The second time I read Mosaic of Thought was two years later in a book study with a group of teachers. By now I had received Professional Development that scaffolded my understanding of the seven comprehension strategies. I had also read Stephanie Harvey and Anne Goudvis’ Strategies that Work which put the principles of Mosaic into lessons that I could understand. Finally Debbie Miller wrote my book, Reading With Meaning. Debbie is a first grade teacher and she took the Mosaic strategies and put them in the context of a first grade classroom! Now this was a book that my little kindergarten brain could wrap itself around! It became the Bible for our kindergarten and first grade work in reading comprehension.

Now comes the second edition of Mosiac and this time around Keene and Zimmerman spend the second chapter answering all the questions that I have spent hours discussing with my peers. Should comprehension strategies be taught one at a time when we know comprehension is about integrating strategies? Should children study different strategies based on their reading level? Don’t think-alouds rob children of the joy of hearing the poetic language and beauty in a new story? Do comprehension strategies slow down thoughtful, able readers? Is there an order to teaching the strategies that is better than another? Each of these questions has monopolized hours of thought and discussion, and thankfully, Mosaic answers each of these questions.

Better yet, the passages this time around that introduce each chapter are text that I understand! They engage me. I am able to use the comprehension strategies that I have learned to read the introductions at a deeper level. So I ask you, have I gotten smarter or did the authors do a better job? Probably some of both. As a learner I have deepened my knowledge with each year, but the teachers, Ellin and Susan, have also become pros at presenting this material. Isn’t that the way teaching is if you are a lifelong learner? Each year you get a little better so that you know how to scaffold and stretch instruction. Isn’t that what we love most about this profession?

Mosaic gets my 5 star rating!

Monday, July 2, 2007

New Teacher Orientation

One of the ways that you stabilize a faculty that continues to have new entries is to make sure that each new teacher is quickly immersed into the school's culture and then is supported throughout her first few years. That includes teachers who are new to the profession but also those that are new to the school. One of the ways that Chets Creek does this is by starting all teachers new to Chets with a three day summer orientation. Of course, there is no money to pay new teachers for their time, but they are new, anxious and excited, so they never ask. They seem as genuinely excited for a peek into their new assignment as we are to give up our own time to provide the training!
Susan Phillips, the Principal, begins with an entire day of getting to know the new residents herself. She gives them a tour of the facilities, but she also gives them a tour of the school's philosophy, its rituals and routines, its traditions, and its rich history. She explains why there is an urgency to our teaching, our data story, what it means to be immersed in standards-based education, and what it means to thrive in a collaborative professional learning community. Each new teacher is given a copy of Roland Barths' Improving Schools from Within, the same book that all teachers at Chets have studied, to help them understand the process of genuine collaboration. All of this sets the schema for the next two days when teachers are divided and given an overview of their grade level and subject area. Grade level information includes, among other things, Non-negotiables written by the new grade level of what they all agree to do this next year. Teachers are then divided by subject areas and given an overview of Readers' and Writers' Workshop and/or Math and Science Workshop by the coaches who will support them throughout the next year. These sessions include general information about the Workshop model, Pacing Guides, information about grade-level homework, common assessments, progress monitoring information, resources including professional books that teachers are expected to read, and a wealth of information on getting through the first 30 days. Since we know that teachers often find classroom management one of the most difficult parts of initial teaching, time is also allocated to explain our school-wide behavior plan with suggestions for individualization. The three days end with an evening social at the Principal's home because our bottom line belief is that "it's all about relationships" - relationships with our students but also relationships with each other. The new teachers and their mentors are invited to join with the Leadership Team for dinner, fun and games - lots of fun and laughter! All of this provides the new teacher with the essential elements of knowing other new teachers as her own cohort, but also the players on her grade level and subject teams and the people in Leadership who will be the scaffolding her experiences as a new year begins.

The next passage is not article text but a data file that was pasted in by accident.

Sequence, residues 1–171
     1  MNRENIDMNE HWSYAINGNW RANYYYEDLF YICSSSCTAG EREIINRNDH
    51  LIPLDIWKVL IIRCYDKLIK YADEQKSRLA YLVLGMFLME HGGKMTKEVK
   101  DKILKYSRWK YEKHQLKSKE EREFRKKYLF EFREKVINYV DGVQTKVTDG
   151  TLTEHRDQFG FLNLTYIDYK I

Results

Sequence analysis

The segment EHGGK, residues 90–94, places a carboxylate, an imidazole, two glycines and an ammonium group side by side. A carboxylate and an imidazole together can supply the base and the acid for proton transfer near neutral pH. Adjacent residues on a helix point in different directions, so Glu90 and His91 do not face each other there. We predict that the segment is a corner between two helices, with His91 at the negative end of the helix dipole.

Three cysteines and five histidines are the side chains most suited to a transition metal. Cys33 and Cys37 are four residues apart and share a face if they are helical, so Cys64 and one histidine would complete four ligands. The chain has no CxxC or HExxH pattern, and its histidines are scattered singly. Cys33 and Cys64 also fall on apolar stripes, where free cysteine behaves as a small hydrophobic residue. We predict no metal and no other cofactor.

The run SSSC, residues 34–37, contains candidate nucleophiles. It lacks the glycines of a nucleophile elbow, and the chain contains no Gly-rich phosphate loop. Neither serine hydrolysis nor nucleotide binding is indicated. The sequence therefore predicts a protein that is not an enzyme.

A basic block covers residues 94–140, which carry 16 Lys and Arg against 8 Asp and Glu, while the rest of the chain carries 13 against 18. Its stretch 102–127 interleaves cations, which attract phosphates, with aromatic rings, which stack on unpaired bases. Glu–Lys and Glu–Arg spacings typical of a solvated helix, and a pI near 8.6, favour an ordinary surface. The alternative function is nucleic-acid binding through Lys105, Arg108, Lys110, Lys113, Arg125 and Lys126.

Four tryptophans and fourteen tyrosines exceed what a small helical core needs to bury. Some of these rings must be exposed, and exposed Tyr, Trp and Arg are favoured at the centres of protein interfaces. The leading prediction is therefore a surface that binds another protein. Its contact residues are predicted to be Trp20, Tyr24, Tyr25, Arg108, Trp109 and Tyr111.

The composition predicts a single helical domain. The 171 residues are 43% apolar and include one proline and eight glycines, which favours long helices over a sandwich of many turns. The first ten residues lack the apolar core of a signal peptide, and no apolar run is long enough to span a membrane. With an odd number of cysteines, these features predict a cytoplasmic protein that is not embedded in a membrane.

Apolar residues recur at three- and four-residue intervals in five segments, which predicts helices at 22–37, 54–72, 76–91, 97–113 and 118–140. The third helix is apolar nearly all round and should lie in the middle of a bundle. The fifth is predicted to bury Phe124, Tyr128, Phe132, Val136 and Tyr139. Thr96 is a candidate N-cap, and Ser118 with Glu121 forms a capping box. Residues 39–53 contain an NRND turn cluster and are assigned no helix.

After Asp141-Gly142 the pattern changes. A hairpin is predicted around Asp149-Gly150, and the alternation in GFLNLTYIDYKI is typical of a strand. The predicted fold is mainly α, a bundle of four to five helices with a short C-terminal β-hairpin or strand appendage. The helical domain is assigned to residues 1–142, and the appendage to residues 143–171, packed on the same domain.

This cohort of new teachers will meet throughout the next year to provide the support they need to make their first year one of their best years! Here's to the 2007 new cohort of teachers at Chets Creek (pictured above). Here! Here!